What is the relationship between uterine abnormalities and infertility?

by Anthi Stamkopoulou, last updated 12 Jun 2019,

2 min read

Uterine abnormalities can be congenital - something you are born with - or they can develop over time.

Case 1: Congenital malformations

When it comes to congenital malformations are also known as Mullerian anomalies. These abnormalities arise from abnormal development of the uterus, fallopian tubes or cervix. The uterus in early fetal development starts out as two separate parts placed in the upper abdomen. Each part migrates down in the pelvis and joins together to fuse with what will eventually become the vagina. The uterus at that point is still solid and it takes several days to take its final form that in normal cases it has a triangular shape.

*Formation of uterus*
  • Septate uterus – is a condition where the middle wall that joins the two uterine cavities fails to completely reabsorb. In this way, there is a single uterine cavity with a defect remaining at the top. This defect can vary in size from very small to one that comes all the way down to the cervix – completely dividing the uterine cavity in two.
  • Bicornuate uterus – when the two uterine cavities join only at the bottom (i.e. at the cervix). The upper portions of the uterus are clearly separate. In this situation, there can either be one cervix or two cervices
  • Unicornuate uterus – when one side of the uterus does not develop at all, so the ultimate uterus is about half the normal size
  • Uterine didelphys – when the separate parts of the uterus don’t join at all, resulting in two separate uterine cavities and two cervices

Each of these abnormalities is associated with both infertility and recurrent pregnancy loss. Only a septate uterus can be surgically repaired, and clinical data suggest that repair results in both significantly higher pregnancy rates and significantly lower miscarriage rates.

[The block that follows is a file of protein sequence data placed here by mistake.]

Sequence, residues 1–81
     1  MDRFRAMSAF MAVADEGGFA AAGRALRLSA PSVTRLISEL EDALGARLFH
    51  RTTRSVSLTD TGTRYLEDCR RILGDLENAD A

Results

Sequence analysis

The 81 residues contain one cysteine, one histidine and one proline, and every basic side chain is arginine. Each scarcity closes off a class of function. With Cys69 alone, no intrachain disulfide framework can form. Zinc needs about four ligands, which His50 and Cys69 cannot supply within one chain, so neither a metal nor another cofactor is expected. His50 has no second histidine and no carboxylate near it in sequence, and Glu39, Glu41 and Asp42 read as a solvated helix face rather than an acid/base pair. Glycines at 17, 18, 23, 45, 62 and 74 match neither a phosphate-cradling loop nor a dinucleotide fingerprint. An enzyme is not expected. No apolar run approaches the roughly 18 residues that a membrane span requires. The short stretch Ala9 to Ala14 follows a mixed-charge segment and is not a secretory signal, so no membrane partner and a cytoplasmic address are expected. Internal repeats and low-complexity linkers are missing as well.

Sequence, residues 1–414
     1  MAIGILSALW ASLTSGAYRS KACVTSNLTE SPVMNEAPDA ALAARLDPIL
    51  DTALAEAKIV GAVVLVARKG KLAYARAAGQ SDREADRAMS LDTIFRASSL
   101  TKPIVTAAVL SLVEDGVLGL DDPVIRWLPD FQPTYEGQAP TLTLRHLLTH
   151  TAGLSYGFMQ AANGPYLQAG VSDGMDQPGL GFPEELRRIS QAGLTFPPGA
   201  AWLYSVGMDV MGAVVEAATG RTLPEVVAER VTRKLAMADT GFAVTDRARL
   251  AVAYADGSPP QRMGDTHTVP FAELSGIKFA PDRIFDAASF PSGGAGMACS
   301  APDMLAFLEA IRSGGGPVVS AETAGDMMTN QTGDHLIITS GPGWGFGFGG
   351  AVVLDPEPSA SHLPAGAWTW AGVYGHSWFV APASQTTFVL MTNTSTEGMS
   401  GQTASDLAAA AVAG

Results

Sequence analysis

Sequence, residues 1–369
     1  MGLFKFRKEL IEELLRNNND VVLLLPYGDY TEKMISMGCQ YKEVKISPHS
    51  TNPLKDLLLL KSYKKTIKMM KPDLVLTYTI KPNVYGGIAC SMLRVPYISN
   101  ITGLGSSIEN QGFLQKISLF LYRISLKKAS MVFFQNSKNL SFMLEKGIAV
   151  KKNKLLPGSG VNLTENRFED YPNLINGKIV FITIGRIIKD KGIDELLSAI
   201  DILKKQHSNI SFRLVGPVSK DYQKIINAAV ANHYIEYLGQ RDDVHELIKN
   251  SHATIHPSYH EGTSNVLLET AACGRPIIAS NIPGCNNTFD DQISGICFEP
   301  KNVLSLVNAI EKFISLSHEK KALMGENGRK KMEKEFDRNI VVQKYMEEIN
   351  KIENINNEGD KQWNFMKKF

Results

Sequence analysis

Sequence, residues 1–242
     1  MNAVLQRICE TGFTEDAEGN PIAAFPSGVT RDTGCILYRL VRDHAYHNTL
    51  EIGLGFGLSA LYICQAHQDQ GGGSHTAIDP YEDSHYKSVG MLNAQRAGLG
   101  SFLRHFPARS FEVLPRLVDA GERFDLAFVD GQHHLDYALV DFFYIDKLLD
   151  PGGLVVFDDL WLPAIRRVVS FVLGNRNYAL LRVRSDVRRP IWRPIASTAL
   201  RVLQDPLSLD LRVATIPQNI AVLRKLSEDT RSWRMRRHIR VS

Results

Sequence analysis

*Uterine abnormalities classification from ESGE-ESHRE*

Case 2: Abnormalities developed over time

When it comes to abnormalities that have developed over time we imply the formation of:

  • a polyp (endometrial)
  • uterine fibroids
  • uterine adhesions (scarring in the uterine cavity), Asherman’s Syndrome, etc.

These uterine abnormalities sometimes cause symptoms such as irregular bleeding, heavy periods, pain during menstruation, pain during sexual intercourse, and even frequent urination or constipation. Other times there are no symptoms at all, and these uterine abnormalities are found on a routine ultrasound. Imaging such as a 3D ultrasound or hysterosalpingogram (HSG) can identify these uterine abnormalities.

The application of 3D ultrasound (3DUS) with increased spatial awareness in the last decade of the 20th century has enabled a detailed assessment of uterine morphology. One of the most useful scan planes obtained on 3D ultrasound is the coronal view of the uterus, which is usually not obtainable on 2D ultrasound. Therefore, this view is a valuable problem-solving tool that assists in distinguishing between various uterine abnormalities, including bicornuate, septate, unicornuate and didelphys uterus. Data gaining time is short, and images can be stored for later evaluation and analyzed as many times as necessary. Below there are some images of uterine abnormalities that were detected in our patients during the uterus evaluation scan and the result after the surgical correction of the abnormality.

*Uterine abnormality - septate uterus almost partial before and after surgery (the patient has an endometrial spiral after surgery in order to avoid adhesions)*

Anthi Stamkopoulou

Anthi Stamkopoulou, MD, MSc

Anthi is an Infertility Specialist at Newlife Center of Reproductive Medicine.

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